Pests in Gardens and Landscapes: Quick Tips

Bed Bugs

Published   6/11

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Adult bed bug

Adult bed bug.

Bed bug life cycle

Bed bug life cycle.

Inspect for bedbugs with a flashlight

Inspect for bed bugs with a flashlight.

Bed bugs are small, wingless insects that can feed on sleeping humans at night. These nocturnal insects hide along seams of mattresses, in box springs, or in cracks and crevices near sleeping areas. Eliminating an infestation requires removing or treating all infested material and monitoring to be sure bed bugs are gone.

Bed bug identification and biology.

  • Adults are small (about 1/5 inch), oval, and rusty red. Nymphs, or immature bed bugs, are smaller and lighter colored.
  • Bed bugs feed only on blood and must have one blood meal prior to molting to the next, larger nymphal stage.
  • Adults can feed every few days but can survive many months without food.

What are associated health problems?

  • Bed bug feeding is painless. Victims usually remain asleep.
  • Areas around bites might redden, swell, and itch. Some people have no reaction.
  • Bed bugs aren’t known to spread diseases, but scratching bites can lead to infections.

How does a bed bug infestation start?

  • People can carry bed bugs on luggage, clothes, bedding, furniture, or other objects and can pick them up in hotels.
  • Hotels, homeless shelters, furnished apartments, and dormitories are most at risk.
  • Second-hand mattresses and furniture can be a source.

Detecting bed bugs.

  • Using a flashlight and magnifying glass, look for bed bugs, their dark fecal spots, and light-brown shed skins.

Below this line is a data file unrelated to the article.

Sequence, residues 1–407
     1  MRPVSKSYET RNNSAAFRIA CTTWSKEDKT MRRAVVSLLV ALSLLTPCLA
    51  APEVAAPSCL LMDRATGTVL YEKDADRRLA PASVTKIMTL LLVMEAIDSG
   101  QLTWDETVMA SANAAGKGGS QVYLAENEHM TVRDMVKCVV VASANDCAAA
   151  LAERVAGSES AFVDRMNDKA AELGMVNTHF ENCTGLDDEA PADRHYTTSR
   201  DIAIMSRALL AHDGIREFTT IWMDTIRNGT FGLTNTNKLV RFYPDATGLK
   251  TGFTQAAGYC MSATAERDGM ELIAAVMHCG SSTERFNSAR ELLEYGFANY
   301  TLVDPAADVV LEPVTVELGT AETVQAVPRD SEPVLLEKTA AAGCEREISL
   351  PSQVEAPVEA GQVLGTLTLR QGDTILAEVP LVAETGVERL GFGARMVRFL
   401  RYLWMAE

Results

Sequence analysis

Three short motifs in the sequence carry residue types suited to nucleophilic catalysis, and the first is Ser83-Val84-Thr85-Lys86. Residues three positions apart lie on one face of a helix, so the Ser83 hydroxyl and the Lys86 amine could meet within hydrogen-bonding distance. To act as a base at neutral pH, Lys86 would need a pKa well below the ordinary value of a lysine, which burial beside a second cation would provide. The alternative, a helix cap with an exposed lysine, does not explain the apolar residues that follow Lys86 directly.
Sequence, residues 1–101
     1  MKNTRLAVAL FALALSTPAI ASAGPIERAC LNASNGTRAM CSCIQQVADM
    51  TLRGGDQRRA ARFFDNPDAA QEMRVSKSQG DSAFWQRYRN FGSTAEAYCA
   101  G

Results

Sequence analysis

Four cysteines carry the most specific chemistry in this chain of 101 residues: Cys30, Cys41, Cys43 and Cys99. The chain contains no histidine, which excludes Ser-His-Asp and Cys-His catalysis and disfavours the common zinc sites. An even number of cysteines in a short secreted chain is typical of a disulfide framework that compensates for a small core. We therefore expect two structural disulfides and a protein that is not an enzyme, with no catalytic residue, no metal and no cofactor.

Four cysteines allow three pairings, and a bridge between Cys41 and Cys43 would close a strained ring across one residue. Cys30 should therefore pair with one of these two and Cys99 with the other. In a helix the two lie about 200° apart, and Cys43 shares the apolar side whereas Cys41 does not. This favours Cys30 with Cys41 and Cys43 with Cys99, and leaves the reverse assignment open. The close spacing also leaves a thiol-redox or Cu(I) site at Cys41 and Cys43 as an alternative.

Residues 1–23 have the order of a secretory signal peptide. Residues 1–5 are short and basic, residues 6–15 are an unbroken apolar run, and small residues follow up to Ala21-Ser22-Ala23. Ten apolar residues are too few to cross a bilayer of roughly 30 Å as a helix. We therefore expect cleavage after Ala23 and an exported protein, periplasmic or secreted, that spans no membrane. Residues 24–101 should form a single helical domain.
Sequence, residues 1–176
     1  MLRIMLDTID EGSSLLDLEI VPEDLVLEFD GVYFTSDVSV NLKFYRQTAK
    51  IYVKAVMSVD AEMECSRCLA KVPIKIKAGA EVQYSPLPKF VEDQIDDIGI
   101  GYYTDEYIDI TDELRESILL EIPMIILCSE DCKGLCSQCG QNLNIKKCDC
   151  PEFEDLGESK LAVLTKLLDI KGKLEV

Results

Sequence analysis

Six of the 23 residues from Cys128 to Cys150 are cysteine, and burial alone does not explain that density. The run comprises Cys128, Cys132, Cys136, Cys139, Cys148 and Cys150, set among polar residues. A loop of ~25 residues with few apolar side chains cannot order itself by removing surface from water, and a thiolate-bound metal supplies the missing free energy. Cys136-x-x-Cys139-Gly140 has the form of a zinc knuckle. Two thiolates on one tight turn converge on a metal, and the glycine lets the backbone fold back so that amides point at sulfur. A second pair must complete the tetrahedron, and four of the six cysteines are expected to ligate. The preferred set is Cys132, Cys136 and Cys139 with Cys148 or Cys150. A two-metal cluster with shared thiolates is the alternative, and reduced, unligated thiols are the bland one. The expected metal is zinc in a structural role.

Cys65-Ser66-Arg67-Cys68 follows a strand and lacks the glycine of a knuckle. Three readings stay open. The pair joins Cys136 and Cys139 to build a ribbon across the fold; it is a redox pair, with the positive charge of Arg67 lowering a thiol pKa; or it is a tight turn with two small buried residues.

• Focus on mattresses, box springs, bed frames, and areas around the bed.
  • Bed bugs like to hide. Remove bedding. Look in cracks and holes. Turn furniture upside down and take apart frames if necessary.
  • Bed bug detection traps are available.

Remove or treat all infested materials as soon as you detect bed bugs.

  • Vacuum along mattress seams, baseboards, and other areas.
  • Wash all bedding and clothing in hot (120°F) water and dry in a hot dryer.
  • Consider steam cleaning.
  • If possible, replace infested mattresses.
  • Specially designed mattress encasements might be helpful.

Serious infestations may require insecticide treatment.

  • Hire an experienced pest control professional. They have access to the most effective products.
  • Apply insecticides to cracks, crevices, baseboards, and bed frames but not directly to mattresses or bedding. Use special dusts for wall voids and other out-of-the-way spots.
  • Insecticides alone won’t control bed bugs. Remove infested materials, and seal hiding spots.
  • Inspect after treatment to be sure bugs are gone.

Read more about Bed Bugs.

Minimize the use of pesticides that pollute our waterways. Use nonchemical alternatives or less toxic pesticide products whenever possible. Read product labels carefully and follow instructions on proper use, storage, and disposal.


Statewide IPM Program, Agriculture and Natural Resources, University of California
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